Common cancer treatments not linked to worse COVID-19 outcomes, study shows

Receiving certain common treatments, such as chemotherapy, did not worsen outcomes for cancer patients diagnosed with COVID-19, a new study shows.

The study, published in the journal Nature Medicine, included 423 cancer patients diagnosed with COVID-19 between March 10 and April 7 at Memorial Sloan Kettering Cancer Center in New York City.

The study shows that 40 percent of the patients were hospitalized for COVID-19, and 20 percent developed severe respiratory illness. About 9 percent needed mechanical ventilation. Twelve percent died.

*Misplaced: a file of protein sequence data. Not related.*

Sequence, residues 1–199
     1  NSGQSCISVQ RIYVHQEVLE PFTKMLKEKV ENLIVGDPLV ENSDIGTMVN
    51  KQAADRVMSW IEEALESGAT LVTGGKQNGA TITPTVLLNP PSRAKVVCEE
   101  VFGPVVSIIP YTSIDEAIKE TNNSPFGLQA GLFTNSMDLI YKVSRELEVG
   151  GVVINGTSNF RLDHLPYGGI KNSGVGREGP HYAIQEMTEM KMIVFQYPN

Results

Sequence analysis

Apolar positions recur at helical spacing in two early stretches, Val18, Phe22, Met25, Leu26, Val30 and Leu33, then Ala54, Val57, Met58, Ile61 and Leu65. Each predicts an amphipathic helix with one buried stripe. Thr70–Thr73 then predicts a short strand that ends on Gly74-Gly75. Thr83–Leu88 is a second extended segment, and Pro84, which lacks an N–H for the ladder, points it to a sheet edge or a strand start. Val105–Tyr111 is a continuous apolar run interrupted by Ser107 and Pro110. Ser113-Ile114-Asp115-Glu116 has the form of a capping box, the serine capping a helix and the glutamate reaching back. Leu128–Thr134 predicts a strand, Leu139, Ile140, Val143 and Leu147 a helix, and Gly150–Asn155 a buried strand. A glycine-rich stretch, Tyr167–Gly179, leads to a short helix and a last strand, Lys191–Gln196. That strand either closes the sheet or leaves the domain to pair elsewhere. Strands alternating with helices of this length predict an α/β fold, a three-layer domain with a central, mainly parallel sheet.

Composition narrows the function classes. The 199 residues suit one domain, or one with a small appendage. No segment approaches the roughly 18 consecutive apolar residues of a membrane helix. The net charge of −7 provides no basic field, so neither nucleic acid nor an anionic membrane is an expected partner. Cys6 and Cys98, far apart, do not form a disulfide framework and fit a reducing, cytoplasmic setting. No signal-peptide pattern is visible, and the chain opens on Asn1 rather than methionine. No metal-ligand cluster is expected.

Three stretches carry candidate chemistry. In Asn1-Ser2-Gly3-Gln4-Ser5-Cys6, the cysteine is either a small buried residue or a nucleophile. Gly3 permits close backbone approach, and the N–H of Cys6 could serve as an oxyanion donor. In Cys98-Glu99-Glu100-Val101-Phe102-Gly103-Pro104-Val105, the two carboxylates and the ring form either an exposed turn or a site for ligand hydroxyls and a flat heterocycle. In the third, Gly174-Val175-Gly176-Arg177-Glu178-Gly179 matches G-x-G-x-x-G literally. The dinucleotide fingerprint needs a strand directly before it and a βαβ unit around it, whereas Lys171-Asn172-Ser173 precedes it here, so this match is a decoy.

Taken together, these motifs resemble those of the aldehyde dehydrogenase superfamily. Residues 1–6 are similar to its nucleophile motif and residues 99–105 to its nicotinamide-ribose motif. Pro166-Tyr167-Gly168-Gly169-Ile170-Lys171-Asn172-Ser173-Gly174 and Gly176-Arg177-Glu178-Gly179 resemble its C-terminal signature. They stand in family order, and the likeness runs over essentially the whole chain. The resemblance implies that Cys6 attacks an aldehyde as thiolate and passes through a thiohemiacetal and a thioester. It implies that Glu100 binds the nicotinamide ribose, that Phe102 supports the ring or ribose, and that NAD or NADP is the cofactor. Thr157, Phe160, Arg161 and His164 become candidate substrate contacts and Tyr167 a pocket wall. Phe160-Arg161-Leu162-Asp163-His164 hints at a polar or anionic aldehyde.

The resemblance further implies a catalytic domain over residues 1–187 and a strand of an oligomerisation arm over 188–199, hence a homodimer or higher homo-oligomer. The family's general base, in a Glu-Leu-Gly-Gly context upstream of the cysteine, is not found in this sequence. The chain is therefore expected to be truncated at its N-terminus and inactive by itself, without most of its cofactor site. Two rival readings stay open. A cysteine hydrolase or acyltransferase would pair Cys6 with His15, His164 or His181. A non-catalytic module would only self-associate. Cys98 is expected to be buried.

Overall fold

Researchers also found that metastatic disease, recent chemotherapy or major surgery within the previous month were not significantly linked to hospitalization or severe respiratory illness due to COVID-19. But use of immunotherapy drugs called immune checkpoint inhibitors were associated with severe COVID-19 illness and requiring hospitalization.

More articles on oncology: 
FDA to create website for patient-reported data from cancer clinical trials
Blood tests can identify brain tumors, study suggests
Most US oncologists were anxious at start of pandemic, survey finds

© Copyright ASC COMMUNICATIONS 2020. Interested in LINKING to or REPRINTING this content? View our policies by clicking here.

 

Featured Webinars

Featured Whitepapers